CFOs could be underestimating investors’ data demand

An Intertrust Group survey shows gaps in expectations regarding how often to make performance and ESG data available.

Private capital CFOs could be underestimating demand from fund investors for certain data, according to a recent survey from Intertrust Group.

The service provider, which asked about demand for the next decade, found that more than 40 percent of surveyed investors want live data for portfolio performances. In contrast, only about 30 percent of surveyed CFOs – responses came from the leaders themselves or their direct reports – gave the same answer.

Intertrust noted there is also a gap between investors and CFOs regarding environmental, social and governance data availability. It found that about 55 percent of investors want either live or daily ESG updates, which is 10 percentage points more than what CFOs gave.

The firm suggested two possible reasons for the discrepancies. From the CFOs’ sides, it noted that they may perceive investors’ expectations as having been shaped by their earlier experience with more liquid markets, and that they will adjust as they get used to private capital.

The company said another possibility, from investors’ perspectives, is a desire to have easy data access for reporting and monitoring, rather than acting right away.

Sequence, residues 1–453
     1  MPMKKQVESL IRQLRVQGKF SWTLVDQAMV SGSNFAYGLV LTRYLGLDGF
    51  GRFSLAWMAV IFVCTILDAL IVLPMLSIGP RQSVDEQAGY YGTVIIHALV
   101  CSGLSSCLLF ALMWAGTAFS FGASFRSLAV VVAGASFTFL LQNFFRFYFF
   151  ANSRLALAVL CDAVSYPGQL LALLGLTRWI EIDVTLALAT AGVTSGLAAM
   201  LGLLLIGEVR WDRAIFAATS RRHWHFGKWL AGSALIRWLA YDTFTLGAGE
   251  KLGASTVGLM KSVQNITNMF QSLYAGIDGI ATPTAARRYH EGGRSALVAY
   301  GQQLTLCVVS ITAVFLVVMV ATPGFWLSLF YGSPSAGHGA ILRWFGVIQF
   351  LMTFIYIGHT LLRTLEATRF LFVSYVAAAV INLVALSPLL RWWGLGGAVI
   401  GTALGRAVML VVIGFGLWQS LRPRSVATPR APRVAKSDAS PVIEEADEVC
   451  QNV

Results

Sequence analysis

The international survey included 320 validated responses for the CFO side and 110 investor responses.

Data demand may drive technology and hiring

Intertrust noted that both CFOs and investors see more technology investing as a solution for data needs, building on an area of agreement from last year’s survey.

CFOs expect to utilize both in-house and third-party assistance in response, the survey shows. Nearly 72 percent of respondents said that, over the next three years, they expect to hire people with technology expertise to their in-house finance teams. For the same period, the firm also noted that CFOs will increasingly rely on outsourcing for technology expertise, with about 61 percent replying that they would turn to it in order to complement their teams’ skillsets.

Investors were more likely to favor CFOs increasing their in-house teams (69 percent) than their counterparts (61.3 percent). Meanwhile, CFO respondents were more likely to express support for increased outsourcing (39.7 percent) than investors (32.7 percent).

Despite investors being less favorable to increased outsourcing, Intertrust noted that “there is a recognition that in-house investment and outsourcing can go hand in hand.” It also found that 31.8 percent of investors support CFOs keeping their current mixes between in-house and outsourcing, a figure that stood considerably higher (43.4 percent) among CFO respondents.